What You Need to Know About Important Maintenance Tasks
You guessed it: Your owner’s manual will tell you when to do most basic tasks. Still, here’s some information on common, but important, to-dos to track on your own. In fact, Ehrsam says, you can check on the following items every time you fuel up if you’re so inclined.
How’s your oil? Change your oil per your owner’s manual instructions—more frequent changes are a waste of money. But do keep an eye on the engine oil levels and color between service appointments, recommends Ehrsam. Discoloration or low levels could indicate an engine malfunction. That’s true for your brake fluid, too.
What’s your tire pressure? Under- or over-inflated tires will wear out faster, and it's easy to check pressure levels at the gas station. Always inspect tire pressure before a long road trip, says Lint, who notes that if your car goes into the auto repair shop for anything (even a simple oil change), then legally the shop must check and top off your tire pressure. You can also check your tire tread using a tire tread gauge.
Are your windshield wipers still doing their job? Blades that leave behind a smear instead of clearing raindrops can be a serious safety hazard, obscuring visibility when road conditions are at their worst. Test out your blades to make sure they’re clean and crack-free before the start of the rainy season or winter. While you're at it, make sure your washer fluid is also sufficient (and don’t forget the back of the car if you have rear wipers!).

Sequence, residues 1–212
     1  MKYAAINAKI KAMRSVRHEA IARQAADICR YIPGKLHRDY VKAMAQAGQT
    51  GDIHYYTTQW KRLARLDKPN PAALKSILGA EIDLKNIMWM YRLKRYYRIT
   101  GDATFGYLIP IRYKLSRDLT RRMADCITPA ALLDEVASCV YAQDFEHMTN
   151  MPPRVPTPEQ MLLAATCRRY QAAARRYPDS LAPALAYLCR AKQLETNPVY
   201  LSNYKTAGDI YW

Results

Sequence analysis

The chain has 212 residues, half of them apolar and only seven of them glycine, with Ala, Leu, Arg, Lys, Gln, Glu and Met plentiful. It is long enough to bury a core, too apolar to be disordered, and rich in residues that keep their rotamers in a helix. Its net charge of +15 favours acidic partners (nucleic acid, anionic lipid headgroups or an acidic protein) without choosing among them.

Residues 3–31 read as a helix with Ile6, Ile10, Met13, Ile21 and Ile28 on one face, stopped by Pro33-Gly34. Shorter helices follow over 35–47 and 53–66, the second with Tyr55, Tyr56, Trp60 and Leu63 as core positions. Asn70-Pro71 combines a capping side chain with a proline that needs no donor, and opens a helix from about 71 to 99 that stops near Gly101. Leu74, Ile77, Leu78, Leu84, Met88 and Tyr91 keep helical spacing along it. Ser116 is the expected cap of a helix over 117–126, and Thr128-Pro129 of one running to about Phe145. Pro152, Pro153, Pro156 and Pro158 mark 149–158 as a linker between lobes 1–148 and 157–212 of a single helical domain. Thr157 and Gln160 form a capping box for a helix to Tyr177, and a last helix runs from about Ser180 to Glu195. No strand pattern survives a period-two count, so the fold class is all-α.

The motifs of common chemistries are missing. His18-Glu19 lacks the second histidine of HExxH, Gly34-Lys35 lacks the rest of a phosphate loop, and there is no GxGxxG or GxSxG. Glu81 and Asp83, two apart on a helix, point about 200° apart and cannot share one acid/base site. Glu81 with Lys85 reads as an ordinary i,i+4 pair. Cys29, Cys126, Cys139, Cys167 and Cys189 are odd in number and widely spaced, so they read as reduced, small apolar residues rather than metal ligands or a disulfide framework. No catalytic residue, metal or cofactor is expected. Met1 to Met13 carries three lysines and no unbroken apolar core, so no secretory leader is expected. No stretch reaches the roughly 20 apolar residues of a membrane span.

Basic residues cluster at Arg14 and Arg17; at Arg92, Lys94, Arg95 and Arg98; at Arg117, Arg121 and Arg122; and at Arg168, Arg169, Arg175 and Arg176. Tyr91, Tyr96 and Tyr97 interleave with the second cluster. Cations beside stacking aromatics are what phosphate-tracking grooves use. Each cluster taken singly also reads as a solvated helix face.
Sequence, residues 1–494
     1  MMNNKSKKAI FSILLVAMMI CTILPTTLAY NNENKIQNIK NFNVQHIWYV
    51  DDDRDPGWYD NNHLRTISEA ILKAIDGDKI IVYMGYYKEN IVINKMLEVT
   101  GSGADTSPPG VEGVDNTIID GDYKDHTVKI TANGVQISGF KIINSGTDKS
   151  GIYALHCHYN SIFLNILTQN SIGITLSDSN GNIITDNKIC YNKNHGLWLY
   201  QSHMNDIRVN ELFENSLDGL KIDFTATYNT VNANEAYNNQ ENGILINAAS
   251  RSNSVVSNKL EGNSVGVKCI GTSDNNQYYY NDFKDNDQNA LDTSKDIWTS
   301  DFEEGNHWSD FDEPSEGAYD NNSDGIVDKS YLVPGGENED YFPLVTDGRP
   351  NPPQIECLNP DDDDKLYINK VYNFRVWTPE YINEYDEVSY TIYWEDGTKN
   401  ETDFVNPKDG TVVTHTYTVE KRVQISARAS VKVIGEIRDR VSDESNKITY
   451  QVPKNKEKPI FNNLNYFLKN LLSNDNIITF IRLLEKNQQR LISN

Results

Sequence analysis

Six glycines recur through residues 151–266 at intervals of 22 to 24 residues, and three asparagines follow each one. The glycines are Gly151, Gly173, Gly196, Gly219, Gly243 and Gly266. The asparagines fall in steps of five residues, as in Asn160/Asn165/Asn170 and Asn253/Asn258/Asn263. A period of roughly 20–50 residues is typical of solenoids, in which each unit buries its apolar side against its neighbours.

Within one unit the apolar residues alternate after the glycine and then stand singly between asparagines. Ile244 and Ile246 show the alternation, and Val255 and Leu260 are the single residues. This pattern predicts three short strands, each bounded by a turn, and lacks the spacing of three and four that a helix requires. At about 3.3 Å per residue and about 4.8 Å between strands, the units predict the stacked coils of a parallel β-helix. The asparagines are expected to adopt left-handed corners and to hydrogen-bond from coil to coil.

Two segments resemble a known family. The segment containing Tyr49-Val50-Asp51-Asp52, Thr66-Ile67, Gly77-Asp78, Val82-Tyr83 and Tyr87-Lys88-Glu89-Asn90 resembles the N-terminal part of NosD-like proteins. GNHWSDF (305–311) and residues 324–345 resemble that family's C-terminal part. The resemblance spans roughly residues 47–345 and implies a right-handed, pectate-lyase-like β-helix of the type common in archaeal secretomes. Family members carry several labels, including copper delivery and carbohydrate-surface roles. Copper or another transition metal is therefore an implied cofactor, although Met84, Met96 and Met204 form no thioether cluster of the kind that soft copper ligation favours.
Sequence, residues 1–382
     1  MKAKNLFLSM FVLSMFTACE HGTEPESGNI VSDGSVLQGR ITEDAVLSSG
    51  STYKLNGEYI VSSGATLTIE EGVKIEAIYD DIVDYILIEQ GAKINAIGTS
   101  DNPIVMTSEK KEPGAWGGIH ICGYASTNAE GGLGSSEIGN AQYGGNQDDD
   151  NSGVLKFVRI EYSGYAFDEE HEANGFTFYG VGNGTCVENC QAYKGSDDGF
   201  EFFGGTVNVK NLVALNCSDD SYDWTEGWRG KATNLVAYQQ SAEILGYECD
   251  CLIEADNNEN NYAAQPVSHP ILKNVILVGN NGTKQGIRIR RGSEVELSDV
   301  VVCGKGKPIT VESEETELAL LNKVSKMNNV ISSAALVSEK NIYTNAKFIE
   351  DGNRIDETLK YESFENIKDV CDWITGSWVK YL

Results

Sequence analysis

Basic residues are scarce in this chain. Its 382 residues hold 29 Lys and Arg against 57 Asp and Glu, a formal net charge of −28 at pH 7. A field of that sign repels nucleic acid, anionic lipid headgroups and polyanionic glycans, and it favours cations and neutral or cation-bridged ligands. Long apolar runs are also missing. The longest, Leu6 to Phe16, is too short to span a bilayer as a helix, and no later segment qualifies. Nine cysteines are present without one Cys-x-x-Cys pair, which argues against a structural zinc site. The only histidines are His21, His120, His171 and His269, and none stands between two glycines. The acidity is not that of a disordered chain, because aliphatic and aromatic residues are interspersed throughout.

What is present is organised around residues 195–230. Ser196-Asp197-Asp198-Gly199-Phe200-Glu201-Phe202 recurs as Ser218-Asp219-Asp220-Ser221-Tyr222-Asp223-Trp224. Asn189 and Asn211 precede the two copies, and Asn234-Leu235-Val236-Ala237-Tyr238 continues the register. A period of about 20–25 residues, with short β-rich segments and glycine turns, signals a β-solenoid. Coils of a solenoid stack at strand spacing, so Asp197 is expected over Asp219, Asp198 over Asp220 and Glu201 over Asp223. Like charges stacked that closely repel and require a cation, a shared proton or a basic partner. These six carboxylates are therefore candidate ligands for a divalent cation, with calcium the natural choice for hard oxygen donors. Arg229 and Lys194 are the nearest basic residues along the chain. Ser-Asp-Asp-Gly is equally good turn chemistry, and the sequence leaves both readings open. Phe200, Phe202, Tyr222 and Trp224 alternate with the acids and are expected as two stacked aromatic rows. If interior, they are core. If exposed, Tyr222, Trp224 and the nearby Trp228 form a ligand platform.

How to Find a Reputable Mechanic
Beyond sticking to a maintenance schedule, when it comes to the health of your car, there’s nothing more important than having a solid relationship with a service provider.
“Keeping your car serviced by a knowledgeable mechanic is important for making sure you stay safe out on the roads,” says Lint. But knowledge is only half the equation: You also need someone you can trust.
But how can you find that knowledgeable, trustworthy mechanic? Visit AAA.com/autorepair and search by your zip code to locate a reliable shop. Technicians at these shops are all factory-trained or possess ASE (Automotive Service Excellence) certification. As a AAA Member, you'll save 10 percent on labor costs, and receive a 24-month/24,000-mile extended warranty on all parts and work performed.